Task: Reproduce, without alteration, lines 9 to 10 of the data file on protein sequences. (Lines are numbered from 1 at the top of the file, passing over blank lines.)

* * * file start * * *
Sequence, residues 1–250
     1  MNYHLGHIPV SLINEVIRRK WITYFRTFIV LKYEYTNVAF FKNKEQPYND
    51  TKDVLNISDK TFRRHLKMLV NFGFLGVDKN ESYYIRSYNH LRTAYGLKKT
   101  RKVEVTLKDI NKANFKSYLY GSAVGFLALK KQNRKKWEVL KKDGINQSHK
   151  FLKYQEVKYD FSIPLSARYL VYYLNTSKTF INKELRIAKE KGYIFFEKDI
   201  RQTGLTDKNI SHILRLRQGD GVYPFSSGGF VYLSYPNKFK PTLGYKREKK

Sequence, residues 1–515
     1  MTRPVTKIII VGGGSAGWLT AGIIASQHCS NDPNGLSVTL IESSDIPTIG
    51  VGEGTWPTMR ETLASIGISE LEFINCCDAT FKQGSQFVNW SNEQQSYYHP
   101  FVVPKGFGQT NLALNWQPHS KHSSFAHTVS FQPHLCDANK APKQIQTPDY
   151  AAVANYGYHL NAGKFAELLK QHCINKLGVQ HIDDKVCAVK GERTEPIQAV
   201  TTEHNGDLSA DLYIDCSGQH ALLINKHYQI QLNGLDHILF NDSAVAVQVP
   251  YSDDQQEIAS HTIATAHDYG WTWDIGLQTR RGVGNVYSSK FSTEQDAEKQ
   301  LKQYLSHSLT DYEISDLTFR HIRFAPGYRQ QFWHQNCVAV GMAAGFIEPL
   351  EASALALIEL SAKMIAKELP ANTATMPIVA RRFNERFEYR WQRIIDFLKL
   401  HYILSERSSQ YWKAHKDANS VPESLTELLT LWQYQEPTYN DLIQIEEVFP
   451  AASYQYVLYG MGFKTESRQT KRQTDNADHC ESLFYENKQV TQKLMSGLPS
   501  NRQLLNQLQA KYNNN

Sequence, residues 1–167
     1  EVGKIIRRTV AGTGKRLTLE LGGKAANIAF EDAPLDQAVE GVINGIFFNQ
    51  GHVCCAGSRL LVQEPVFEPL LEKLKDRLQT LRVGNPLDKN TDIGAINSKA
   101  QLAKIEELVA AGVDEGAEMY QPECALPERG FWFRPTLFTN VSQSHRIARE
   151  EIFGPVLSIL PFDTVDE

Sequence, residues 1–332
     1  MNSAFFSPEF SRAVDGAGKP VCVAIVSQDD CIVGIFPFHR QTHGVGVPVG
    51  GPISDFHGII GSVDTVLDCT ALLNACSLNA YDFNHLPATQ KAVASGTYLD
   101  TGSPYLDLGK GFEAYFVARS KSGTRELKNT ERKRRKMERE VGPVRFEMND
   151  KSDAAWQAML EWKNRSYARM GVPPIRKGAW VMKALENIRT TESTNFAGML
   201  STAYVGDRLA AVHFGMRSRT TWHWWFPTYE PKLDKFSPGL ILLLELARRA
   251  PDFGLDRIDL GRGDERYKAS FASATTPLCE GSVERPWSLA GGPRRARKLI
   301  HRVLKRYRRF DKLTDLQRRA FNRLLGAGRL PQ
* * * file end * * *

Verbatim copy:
    51  VGEGTWPTMR ETLASIGISE LEFINCCDAT FKQGSQFVNW SNEQQSYYHP
   101  FVVPKGFGQT NLALNWQPHS KHSSFAHTVS FQPHLCDANK APKQIQTPDY